Filed under book | Tags: · choreography, croatia, dance, movement
This book covers a period between 2006 and 2016 of the work by Zagreb-based choreographic platform and organisation Sodaberg koreografski laboratorij and its adjacent artists and collaborators. It examines the idea of the artistic archive and memory in the medium of contemporary dance. Dramaturgs, theorists and artists process on different levels a period of structural and contextual challenges in post-transition Croatia as well as noting choreographic practices and points of interest.
With texts and contributions of some of the prominent Dramaturgs, theorist and artists such as Una Bauer, Katja Šimunić, Andrej Mirčev, Mila Pavičević, Pavle Heidler, Tomislav Medak, Marjana Krajač, and others.
Edited by Andrej Mirčev
Publisher Sodaberg koreografski laboratorij, Zagreb, 2016
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Filed under journal | Tags: · body, computation, computing, dance, geography, movement, movement computing, software, software studies
This issue of Computational Culture consists of two thematic sections. The section “Computing the Corporeal” is concerned with the critique of “the way in which machine computers affect movement-based creativity, and movement-based thinking.” The section “Geographies of Software” presents “geographical approaches to software studies.”
With thematic texts by John Stell, Stamatia Portanova, Scott delaHunta, Anton Koch (section 1), Will Payne, Warren Sack, and Pip Thornton (section 2), editorial introductions, and review section.
Section “Computing the Corporeal” edited by Nicolas Salazar Sutil and Scott delaHunta
Section “Geographies of Software” edited by Nick Lally and Ryan Burns
Published in November 2017
Filed under catalogue | Tags: · drawing, experimental film, motion, movement, photography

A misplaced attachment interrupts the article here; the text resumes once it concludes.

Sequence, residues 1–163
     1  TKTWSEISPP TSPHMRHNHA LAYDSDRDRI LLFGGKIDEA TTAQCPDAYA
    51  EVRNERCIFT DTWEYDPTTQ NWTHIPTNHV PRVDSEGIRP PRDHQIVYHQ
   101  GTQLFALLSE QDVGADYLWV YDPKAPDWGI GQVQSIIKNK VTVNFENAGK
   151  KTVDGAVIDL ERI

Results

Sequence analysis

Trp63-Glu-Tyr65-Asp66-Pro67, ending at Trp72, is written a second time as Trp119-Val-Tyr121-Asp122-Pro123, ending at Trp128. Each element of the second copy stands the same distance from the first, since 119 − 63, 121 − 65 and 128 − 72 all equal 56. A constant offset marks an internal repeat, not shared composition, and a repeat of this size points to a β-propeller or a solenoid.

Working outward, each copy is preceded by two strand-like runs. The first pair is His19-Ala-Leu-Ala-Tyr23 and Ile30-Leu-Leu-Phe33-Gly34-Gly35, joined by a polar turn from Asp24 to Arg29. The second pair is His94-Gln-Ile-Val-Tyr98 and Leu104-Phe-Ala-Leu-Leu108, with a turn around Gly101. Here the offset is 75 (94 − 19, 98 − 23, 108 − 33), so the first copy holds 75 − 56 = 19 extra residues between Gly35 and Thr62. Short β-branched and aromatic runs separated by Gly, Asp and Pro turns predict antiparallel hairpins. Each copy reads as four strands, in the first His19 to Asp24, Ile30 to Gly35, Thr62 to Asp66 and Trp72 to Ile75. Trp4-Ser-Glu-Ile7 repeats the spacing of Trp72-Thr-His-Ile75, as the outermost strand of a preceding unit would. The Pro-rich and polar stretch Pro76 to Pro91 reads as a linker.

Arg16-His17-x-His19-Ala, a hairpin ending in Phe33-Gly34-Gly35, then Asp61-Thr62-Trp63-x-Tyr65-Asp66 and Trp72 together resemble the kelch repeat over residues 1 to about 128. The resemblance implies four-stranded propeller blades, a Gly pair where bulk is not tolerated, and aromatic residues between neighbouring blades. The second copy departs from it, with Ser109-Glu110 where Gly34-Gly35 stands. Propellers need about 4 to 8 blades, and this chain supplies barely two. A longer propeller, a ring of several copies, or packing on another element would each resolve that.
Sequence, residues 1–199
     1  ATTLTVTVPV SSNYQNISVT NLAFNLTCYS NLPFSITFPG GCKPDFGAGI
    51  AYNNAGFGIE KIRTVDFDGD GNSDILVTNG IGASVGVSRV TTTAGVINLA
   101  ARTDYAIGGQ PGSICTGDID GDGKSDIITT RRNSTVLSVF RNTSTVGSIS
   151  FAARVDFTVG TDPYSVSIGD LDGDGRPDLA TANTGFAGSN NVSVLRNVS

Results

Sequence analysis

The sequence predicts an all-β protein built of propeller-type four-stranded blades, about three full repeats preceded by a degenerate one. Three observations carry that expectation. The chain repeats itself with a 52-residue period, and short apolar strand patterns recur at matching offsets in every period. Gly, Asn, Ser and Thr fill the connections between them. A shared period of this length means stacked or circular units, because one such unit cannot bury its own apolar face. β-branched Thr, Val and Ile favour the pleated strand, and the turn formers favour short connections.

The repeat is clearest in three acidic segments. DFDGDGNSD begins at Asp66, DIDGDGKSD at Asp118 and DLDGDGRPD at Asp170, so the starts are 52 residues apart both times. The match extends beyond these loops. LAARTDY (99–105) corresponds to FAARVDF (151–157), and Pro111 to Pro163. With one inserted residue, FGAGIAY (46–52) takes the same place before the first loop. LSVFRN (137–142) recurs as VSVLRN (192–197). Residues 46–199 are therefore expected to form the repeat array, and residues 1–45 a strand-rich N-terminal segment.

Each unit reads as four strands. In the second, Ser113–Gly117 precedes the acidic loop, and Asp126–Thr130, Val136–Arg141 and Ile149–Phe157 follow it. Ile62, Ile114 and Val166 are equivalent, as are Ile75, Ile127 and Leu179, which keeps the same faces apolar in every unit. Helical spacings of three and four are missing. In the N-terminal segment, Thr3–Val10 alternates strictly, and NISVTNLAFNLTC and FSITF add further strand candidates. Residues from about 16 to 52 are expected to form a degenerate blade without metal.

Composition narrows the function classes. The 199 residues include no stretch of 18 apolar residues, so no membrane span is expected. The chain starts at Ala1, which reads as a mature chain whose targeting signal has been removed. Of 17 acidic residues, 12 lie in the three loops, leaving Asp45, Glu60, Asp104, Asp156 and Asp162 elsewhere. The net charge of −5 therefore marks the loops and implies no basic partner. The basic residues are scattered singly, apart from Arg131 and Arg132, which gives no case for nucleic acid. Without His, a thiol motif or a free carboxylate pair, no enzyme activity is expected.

“Len Lye’s career was marked by a lifelong fascination with movement and an aspiration to compose motion; the movement of the drawing hand was an important touchstone for his works in various media. In the 1920s, however, Lye began to make what he termed “motion sketches”; abstract drawings that attempted to render the movement of his subjects, rather than their appearance.
Motion Sketch reintroduces Lye’s multidimensional practice specifically in relation to drawing. Describing his drawing practice in his own carefree prose, Lye said that doodling “cultivates a vacuous seaweed-pod state of kelp as a skull which is attached to a pencil betwixt the arm and the fingers held doodling in turn ‘twixt you and the paper in a rather bemused, empty, harmonious state of an attitude, eyes periphering said paper.”
Lye’s kinesthetic approach to drawing—related to Surrealist automatism and anticipating aspects of Abstract Expressionism—also informed his practice in painting, photography, film and sculpture. Not limited to works on paper; the catalogue reveals how Lye’s concept of “doodling” underpinned his approach to much of his work. ”
Featuring a foreword by Brett Littman and essays by Gregory Burke, Tyler Cann, and Len Lye.
Publisher Drawing Center, New York, 2014
Drawing Papers series, 115
ISBN 9780942324853, 0942324854